Jul 14 2017

Dam-Nation! Close Encounters With the Earliest Engineers by Tamia Nelson

It’s impossible to talk about canoeing without mentioning beaver. They played a vital role in opening up the North American continent to European settlement. It’s a role they’d have been happy to forego, however, and it pretty much wiped them off the map. But now they’re back, and that means their dams are back, too. That’s good news. Beaver dams mean beaver ponds, and beaver ponds are always good places to spend a little time. So this week, Tamia’s doing just that.

Beaver ponds are the trout fisherman’s friend. They’re also delightful places to dip a paddle. Whether you’re listening to chorusing peepers in April, ghosting along under the full moon in July, or contemplating the reflections of the tinted hills in September, beaver ponds have something to offer every canoeist and kayaker. Except whitewater thrills and chills, that is. But there’s more to life than pumping adrenalin, isn’t there?

And the best thing about beaver ponds is this: The show is free. The beaver does all the work. All he (or she) asks is a bit of bark and some succulent lily roots by way of payment. It’s like having a butler-cum-cook-cum-handyman all rolled into one, and sticking someone else with the wage bill. Which makes our centuries-old war against the beaver hard to understand. Except, of course, that there was money to be made by killing beaver and selling off their skins and glands to the highest bidder. There still is. Money talks, and when it does, it speaks with a loud voice. It did in the 17th century, and it does today. If anything, its trumpet blasts have gotten more strident.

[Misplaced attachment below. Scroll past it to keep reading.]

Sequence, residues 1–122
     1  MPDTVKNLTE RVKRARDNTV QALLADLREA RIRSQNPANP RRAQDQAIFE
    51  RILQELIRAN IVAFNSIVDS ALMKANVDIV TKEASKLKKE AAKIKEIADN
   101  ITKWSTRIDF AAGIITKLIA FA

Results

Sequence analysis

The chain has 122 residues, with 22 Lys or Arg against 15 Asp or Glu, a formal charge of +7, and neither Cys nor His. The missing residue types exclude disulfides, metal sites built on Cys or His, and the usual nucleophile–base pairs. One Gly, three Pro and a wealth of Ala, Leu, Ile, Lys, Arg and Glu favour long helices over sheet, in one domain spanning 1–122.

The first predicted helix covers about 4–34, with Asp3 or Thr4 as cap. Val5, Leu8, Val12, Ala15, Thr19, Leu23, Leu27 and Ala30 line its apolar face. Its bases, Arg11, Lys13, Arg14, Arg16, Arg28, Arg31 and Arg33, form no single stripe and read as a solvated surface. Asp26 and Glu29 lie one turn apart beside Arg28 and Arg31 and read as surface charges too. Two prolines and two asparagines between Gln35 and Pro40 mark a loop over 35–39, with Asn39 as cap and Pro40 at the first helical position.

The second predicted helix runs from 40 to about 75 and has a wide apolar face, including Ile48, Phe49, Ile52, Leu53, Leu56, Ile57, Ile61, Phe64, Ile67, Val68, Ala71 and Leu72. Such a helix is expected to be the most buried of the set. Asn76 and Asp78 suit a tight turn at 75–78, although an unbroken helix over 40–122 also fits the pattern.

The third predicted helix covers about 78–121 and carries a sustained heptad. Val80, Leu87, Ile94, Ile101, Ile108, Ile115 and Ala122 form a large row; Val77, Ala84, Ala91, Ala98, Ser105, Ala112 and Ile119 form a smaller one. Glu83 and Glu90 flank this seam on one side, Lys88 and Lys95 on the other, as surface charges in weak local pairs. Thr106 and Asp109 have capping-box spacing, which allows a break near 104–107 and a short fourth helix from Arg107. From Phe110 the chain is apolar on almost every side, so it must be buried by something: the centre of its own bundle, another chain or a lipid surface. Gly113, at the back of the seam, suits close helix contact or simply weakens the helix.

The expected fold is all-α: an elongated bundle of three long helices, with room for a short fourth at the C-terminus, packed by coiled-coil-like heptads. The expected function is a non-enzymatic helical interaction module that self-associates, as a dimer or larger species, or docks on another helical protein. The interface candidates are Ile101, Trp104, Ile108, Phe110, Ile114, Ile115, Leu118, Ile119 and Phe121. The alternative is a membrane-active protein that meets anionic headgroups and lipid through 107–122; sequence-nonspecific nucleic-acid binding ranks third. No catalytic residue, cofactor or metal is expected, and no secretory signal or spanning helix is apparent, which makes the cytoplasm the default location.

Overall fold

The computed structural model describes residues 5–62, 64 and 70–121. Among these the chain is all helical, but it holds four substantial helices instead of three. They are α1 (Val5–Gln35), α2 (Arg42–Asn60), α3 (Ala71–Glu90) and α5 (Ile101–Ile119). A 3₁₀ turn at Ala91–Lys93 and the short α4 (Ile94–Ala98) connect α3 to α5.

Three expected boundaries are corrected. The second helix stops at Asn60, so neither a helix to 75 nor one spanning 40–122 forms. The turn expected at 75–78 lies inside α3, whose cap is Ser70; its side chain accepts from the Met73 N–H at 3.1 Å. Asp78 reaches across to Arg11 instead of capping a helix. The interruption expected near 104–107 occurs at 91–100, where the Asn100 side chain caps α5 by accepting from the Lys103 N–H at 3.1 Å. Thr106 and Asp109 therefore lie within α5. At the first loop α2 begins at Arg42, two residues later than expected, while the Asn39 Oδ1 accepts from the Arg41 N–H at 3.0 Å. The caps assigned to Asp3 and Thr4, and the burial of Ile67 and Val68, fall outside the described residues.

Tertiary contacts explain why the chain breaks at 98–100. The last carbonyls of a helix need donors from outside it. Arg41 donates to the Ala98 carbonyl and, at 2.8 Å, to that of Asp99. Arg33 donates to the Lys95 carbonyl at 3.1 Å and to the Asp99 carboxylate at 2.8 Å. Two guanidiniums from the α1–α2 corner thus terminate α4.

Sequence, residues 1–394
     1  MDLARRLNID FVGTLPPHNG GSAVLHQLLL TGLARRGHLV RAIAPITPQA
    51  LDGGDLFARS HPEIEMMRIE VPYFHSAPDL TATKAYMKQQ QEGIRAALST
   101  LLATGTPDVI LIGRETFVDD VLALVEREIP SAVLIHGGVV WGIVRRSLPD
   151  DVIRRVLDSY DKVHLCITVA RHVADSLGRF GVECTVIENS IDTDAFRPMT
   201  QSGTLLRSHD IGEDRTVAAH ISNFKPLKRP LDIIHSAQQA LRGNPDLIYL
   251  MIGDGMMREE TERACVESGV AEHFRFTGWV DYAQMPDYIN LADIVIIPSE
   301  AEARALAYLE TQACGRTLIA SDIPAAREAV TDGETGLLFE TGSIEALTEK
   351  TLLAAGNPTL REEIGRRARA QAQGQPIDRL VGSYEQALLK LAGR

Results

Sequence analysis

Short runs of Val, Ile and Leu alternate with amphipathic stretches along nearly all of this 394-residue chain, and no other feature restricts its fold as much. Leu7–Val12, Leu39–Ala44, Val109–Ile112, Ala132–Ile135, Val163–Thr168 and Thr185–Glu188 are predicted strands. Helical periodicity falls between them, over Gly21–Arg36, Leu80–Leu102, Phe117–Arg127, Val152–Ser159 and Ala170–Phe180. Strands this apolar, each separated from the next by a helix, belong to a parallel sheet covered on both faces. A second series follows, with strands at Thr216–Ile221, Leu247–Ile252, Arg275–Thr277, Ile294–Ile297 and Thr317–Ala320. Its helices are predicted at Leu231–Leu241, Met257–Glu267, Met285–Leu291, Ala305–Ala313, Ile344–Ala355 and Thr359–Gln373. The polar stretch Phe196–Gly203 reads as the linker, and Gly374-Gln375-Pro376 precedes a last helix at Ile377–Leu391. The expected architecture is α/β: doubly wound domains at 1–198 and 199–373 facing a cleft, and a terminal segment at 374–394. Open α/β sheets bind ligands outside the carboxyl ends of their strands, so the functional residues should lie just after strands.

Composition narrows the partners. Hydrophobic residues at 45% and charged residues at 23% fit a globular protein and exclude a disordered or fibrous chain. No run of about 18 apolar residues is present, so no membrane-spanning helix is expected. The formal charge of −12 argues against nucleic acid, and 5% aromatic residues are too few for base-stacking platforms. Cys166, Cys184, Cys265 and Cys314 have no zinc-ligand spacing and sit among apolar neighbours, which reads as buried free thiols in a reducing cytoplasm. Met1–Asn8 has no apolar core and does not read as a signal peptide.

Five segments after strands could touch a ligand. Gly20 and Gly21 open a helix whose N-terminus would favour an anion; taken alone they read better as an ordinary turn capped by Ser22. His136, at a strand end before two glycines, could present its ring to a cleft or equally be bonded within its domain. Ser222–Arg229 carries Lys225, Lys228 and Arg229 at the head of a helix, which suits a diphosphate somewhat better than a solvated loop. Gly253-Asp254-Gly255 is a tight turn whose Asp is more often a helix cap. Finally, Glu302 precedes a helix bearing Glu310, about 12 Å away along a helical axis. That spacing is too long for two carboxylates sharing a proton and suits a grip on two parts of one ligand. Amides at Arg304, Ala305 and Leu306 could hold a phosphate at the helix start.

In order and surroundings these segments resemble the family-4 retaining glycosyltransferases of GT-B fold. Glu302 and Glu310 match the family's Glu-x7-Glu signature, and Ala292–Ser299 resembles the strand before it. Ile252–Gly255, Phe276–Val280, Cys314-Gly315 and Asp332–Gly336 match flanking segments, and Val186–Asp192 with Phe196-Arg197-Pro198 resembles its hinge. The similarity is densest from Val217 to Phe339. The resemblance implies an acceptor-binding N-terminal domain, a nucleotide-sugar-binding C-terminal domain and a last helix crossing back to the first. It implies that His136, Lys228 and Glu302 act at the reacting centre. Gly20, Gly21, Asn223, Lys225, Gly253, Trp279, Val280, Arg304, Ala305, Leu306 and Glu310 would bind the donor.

Still, after being hunted to within a hair’s breadth of extinction throughout much of North America, the beaver has now come back. His tenure is precarious, however. As the suburbs chew their way through forests and swamps, beaver have fewer and fewer places to call home. A beaver pond located in a state or national park is one thing. It’s an amenity for the tourists. But having one on your front lawn is something else. That’s an emergency. So it’s likely that, before too many more years pass, we’ll once again push the beaver back into life’s shadowlands. And then, sooner or later, the beaver will follow the dodo and the passenger pigeon into the perpetual night inhabited by nature’s discarded experiments. Sic transit gloria mundi. Our turn will come.

But that hasn’t happened yet. The beaver is still with us.… Read more…

Paradise Postpone - Illustration (c) Tamia Nelson

Originally published at Paddling.com on July 11, 2017

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